Monday, March 28, 2005

SunGard's $10.4 Billion Deal Places Financial Content Technology in Spotlight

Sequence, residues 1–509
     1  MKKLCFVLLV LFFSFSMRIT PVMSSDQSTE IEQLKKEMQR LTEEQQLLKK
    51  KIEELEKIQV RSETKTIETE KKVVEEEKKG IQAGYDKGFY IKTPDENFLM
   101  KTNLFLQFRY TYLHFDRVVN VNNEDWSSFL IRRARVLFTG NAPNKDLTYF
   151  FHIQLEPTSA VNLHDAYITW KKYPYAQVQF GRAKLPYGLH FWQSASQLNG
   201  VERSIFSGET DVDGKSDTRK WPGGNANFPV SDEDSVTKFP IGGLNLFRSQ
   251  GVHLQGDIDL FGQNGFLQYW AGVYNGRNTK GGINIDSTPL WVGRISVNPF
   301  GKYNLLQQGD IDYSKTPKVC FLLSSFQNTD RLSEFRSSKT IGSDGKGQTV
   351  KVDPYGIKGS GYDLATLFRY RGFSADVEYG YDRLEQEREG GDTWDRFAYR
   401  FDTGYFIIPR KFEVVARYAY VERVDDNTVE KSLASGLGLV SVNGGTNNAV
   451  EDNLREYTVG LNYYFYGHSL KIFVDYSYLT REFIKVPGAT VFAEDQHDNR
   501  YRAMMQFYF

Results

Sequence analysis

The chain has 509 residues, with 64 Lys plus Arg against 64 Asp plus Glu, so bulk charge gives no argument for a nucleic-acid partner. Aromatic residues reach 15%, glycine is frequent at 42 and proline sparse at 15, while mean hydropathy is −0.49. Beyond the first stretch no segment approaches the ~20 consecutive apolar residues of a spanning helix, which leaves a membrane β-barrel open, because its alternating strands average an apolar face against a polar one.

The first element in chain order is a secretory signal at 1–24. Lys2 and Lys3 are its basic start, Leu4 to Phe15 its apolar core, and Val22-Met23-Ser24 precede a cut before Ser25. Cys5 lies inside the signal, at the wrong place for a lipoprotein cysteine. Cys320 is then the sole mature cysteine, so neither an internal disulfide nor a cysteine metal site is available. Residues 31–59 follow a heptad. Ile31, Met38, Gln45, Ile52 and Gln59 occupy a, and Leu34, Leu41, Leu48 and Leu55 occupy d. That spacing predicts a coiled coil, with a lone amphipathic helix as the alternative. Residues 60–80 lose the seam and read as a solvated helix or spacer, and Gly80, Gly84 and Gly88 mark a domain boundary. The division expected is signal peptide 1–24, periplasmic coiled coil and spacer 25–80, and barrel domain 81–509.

Bloomberg News reports on the largest private takeover of a company since Kohlberg Kravis's $31 billion purchase of RJR Nabisco Inc. in 1989. But instead of ponying up to milk a consumer company the consortium of buyers lead by Silver Lake Partners, Goldman Sachs Capital Partners and other leading financiers are taking under their wing the most widely successful content technology company in the financial sector. SunGard has been a regular acquirer of content technology companies themselves through the years, so to some degree this is a deal in theory not unlike someone sweeping up a portfolio of leading financial content technology companies in one fell swoop. At about 2.9 times revenues that sounds like a pretty good basket buy, a lot more reasonable than some other newsworthy acquisitions. While much of the coverage in the trade press and general media on financial content centers around companies such as Bloomberg, Thomson and Reuters, it's SunGard that's gained the greatest integration into major investment banks in recent years by concentrating on not just desktop trading functionality and availability services but 'straight-through' trade processing functionality and other key back office and mid-office processing needs. It's a heavily I.T.-based approach but one that fits in very well with the increasingly complex requirements of financial companies needing to track and manage both internal and external content sources cost-effectively. As in other areas of the content industry it's increasingly hard for mainstream content companies to catch up with leading technology companies who have tackled a wider range of sector-specific content management issues internal to their clients than most of them are comfortable managing. If I'm one of the "Big Three" content vendors I'm a little worried that there's more acquisitions that this consortium may be considering to provide additional content-oriented services to draw the "sell side" of finance closer to the "buy side".
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